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Diana, Princess of Wales

Diana, Princess of Wales (Diana Frances;[fn 1] née Spencer; 1 July 1961 – 31 August 1997), was the first wife of Charles, Prince of Wales, the eldest child and heir apparent of Queen Elizabeth II.[2]
Diana was born into an aristocratic English family with royal ancestry as The Honourable Diana Spencer. She was the fourth child of John Spencer, Viscount Althorp and his first wife, the Honourable Frances Roche, daughter of the 4th Baron Fermoy. Diana became Lady Diana Spencer when her father inherited the title of Earl Spencer in 1975. She became a public figure with the announcement of her engagement.
Her wedding to the Prince of Wales on 29 July 1981 was held at St Paul's Cathedral and seen by a global television audience of over 750 million. While married she bore the titles Princess of Wales, Duchess of Cornwall, Duchess of Rothesay, Countess of Chester and Baroness of Renfrew. The marriage produced two sons, the princes William and Harry, who were respectively second and third in the line of succession to the British throne throughout her lifetime.
After her marriage, she undertook a variety of public engagements. She was well known for her fund-raising work for international charities and as an eminent celebrity of the late 20th century. She also received recognition for her charity work and for her support of the International Campaign to Ban Landmines. From 1989, she was the president of Great Ormond Street Hospital for children, in addition to dozens of other charities.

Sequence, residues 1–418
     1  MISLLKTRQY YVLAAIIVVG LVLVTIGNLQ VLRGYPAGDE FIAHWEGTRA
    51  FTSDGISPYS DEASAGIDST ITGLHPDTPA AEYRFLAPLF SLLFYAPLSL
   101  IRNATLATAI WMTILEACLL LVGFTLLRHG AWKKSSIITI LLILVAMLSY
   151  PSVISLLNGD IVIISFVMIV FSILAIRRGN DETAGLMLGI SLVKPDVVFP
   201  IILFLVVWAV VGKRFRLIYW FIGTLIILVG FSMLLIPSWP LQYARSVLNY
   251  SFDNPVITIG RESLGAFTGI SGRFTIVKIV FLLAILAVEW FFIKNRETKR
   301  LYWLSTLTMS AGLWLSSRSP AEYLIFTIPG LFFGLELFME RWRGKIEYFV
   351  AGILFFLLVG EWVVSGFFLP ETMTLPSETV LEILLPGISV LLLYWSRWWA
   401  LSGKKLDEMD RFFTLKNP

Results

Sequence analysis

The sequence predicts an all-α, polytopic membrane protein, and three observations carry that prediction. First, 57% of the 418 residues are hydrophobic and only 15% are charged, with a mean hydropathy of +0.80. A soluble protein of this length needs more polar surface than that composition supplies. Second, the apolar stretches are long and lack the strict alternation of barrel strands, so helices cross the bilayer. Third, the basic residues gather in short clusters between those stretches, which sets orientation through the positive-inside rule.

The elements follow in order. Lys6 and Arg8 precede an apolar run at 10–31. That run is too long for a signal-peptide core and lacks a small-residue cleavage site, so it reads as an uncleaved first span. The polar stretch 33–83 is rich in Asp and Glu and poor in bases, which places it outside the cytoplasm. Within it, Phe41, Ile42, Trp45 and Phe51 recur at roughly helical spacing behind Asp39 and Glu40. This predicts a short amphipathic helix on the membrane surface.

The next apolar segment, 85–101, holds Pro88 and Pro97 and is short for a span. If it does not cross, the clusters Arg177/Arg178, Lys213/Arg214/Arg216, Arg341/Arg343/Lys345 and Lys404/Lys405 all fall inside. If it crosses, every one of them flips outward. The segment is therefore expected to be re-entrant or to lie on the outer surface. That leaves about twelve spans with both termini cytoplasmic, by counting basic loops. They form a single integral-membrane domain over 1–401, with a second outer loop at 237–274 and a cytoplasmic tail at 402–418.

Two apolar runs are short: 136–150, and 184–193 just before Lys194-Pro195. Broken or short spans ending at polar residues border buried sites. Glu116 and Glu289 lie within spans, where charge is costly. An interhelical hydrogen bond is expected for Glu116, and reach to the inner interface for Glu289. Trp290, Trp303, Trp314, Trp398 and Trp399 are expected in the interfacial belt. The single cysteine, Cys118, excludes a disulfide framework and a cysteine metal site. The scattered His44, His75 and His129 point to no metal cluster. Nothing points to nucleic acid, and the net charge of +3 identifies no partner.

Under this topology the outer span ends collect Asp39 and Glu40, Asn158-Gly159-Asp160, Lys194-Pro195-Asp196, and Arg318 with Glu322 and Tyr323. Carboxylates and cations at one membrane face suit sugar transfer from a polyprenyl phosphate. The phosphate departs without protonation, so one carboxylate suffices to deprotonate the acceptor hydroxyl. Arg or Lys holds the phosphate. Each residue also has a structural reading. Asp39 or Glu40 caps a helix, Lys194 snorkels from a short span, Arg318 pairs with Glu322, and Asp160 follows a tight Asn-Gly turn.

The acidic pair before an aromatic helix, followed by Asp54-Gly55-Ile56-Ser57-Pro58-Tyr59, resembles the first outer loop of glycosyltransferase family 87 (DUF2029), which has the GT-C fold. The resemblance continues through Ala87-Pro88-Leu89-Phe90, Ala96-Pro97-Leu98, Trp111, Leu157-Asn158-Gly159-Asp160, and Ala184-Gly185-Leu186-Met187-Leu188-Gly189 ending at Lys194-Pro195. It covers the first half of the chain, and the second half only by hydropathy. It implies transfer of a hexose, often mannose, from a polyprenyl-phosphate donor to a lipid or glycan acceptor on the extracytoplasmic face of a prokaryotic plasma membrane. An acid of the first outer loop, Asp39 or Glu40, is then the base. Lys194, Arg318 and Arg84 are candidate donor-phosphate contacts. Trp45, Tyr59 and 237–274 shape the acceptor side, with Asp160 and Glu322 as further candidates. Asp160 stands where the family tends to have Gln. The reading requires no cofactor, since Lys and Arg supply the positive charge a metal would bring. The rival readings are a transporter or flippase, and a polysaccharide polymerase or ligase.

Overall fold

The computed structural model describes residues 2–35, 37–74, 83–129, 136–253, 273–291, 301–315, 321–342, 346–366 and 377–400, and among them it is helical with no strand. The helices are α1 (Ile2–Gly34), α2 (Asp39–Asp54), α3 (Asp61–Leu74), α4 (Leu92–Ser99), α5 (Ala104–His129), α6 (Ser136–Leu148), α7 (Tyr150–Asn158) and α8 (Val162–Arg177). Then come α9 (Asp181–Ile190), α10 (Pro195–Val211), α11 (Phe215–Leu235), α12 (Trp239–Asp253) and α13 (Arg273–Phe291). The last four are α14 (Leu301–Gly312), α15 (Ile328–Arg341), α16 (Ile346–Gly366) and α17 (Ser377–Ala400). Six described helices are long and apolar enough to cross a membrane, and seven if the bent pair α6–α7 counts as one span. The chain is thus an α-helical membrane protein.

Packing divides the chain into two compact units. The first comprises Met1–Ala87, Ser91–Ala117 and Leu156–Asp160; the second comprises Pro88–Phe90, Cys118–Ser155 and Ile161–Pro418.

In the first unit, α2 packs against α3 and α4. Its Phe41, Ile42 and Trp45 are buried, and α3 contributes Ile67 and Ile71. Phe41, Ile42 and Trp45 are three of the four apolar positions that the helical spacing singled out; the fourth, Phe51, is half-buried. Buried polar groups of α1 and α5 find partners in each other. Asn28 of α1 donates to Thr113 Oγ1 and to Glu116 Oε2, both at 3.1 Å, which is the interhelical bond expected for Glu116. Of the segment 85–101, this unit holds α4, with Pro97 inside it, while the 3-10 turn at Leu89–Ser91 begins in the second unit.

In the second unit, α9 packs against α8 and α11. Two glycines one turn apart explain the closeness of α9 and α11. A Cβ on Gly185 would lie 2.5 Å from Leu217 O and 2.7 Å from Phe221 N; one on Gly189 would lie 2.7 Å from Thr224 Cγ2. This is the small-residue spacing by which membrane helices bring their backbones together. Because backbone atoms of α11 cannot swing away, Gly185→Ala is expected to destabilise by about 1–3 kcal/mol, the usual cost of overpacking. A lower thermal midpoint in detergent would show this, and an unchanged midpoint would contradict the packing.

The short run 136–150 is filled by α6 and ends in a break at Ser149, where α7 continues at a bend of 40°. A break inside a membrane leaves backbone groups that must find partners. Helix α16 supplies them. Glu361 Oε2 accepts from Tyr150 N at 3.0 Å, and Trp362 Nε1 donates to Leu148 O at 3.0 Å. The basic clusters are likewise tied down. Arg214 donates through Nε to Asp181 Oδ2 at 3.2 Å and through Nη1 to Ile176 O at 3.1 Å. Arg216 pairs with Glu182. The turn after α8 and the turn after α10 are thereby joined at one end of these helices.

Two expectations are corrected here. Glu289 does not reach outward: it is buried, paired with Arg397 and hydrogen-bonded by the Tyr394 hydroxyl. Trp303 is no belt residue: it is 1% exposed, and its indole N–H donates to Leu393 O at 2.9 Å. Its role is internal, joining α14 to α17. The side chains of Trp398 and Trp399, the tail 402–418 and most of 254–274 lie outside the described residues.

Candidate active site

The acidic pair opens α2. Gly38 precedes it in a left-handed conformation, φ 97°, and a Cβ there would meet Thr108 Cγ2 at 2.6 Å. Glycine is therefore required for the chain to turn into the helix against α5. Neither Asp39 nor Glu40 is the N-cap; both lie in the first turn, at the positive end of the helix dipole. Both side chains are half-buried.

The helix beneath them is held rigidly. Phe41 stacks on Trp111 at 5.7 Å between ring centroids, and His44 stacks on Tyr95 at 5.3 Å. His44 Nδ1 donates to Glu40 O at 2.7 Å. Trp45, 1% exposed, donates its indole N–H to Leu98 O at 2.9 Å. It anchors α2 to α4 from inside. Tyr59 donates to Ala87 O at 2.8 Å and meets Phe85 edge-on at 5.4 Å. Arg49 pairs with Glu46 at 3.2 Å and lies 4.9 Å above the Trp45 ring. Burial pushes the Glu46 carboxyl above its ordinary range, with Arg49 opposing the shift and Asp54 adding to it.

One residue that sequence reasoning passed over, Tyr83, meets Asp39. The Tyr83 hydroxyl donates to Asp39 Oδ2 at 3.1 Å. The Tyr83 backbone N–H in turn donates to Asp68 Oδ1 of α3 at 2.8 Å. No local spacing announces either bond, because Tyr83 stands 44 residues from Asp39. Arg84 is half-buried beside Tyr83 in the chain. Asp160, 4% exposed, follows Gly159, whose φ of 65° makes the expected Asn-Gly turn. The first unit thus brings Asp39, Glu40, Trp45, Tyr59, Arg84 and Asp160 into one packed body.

Diana remained the object of worldwide media scrutiny during and after her marriage, which ended in divorce on 28 August 1996. If the Prince of Wales had ascended the throne during their marriage, Diana would have become queen consort. Media attention and public mourning were considerable following her death in a car crash in Paris on 31 August 199

Early life

Diana was born at 7:45 PM on 1 July 1961, in Park House, Sandringham, Norfolk.[3][4][5] She was the fourth of five children of Viscount and Viscountess Althorp.[3][4][6] The Spencers are one of Britain's oldest and most important families, closely allied with the Royal Family for several generations.[7] The Spencers were hoping for a boy to carry on the family line, and no name was chosen for a week, until they settled on Diana Frances, after Diana Russell, Duchess of Bedford, her distant relative who was also known as "Lady Diana Spencer" before marriage and who was also a prospective Princess of Wales, and her mother.[4] Diana was baptised at St. Mary Magdalene Church, Sandringham.[8] She had three siblings: Sarah, Jane and Charles.[3][6] She also had an infant brother, John, who died only a year before she was born.[4][6] The desire for an heir added strain to the Spencers' marriage, and Lady Althorp was reportedly sent to Harley Street clinics in London to determine the cause of the "problem".[4] The experience was described as "humiliating" by Diana's younger brother, Charles: "It was a dreadful time for my parents and probably the root of their divorce because I don't think they ever got over it."[8] Diana grew up in Park House, which was situated near to the Sandringham estate.[6]